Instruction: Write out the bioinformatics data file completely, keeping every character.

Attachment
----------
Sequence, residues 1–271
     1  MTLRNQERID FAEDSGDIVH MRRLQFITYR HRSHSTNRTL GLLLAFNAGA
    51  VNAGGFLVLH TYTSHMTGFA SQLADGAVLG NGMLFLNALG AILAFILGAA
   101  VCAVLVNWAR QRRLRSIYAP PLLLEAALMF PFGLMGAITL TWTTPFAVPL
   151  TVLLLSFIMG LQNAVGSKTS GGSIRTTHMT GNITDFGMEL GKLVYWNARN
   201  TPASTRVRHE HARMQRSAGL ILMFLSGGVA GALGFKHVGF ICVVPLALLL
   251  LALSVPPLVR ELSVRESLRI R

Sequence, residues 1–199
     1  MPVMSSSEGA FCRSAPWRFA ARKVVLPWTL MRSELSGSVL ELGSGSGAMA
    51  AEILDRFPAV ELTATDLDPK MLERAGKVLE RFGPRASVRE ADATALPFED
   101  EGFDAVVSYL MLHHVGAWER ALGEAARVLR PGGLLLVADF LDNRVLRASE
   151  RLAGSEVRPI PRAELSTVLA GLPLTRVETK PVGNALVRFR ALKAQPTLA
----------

Sequence, residues 1–271
     1  MTLRNQERID FAEDSGDIVH MRRLQFITYR HRSHSTNRTL GLLLAFNAGA
    51  VNAGGFLVLH TYTSHMTGFA SQLADGAVLG NGMLFLNALG AILAFILGAA
   101  VCAVLVNWAR QRRLRSIYAP PLLLEAALMF PFGLMGAITL TWTTPFAVPL
   151  TVLLLSFIMG LQNAVGSKTS GGSIRTTHMT GNITDFGMEL GKLVYWNARN
   201  TPASTRVRHE HARMQRSAGL ILMFLSGGVA GALGFKHVGF ICVVPLALLL
   251  LALSVPPLVR ELSVRESLRI R

Sequence, residues 1–199
     1  MPVMSSSEGA FCRSAPWRFA ARKVVLPWTL MRSELSGSVL ELGSGSGAMA
    51  AEILDRFPAV ELTATDLDPK MLERAGKVLE RFGPRASVRE ADATALPFED
   101  EGFDAVVSYL MLHHVGAWER ALGEAARVLR PGGLLLVADF LDNRVLRASE
   151  RLAGSEVRPI PRAELSTVLA GLPLTRVETK PVGNALVRFR ALKAQPTLA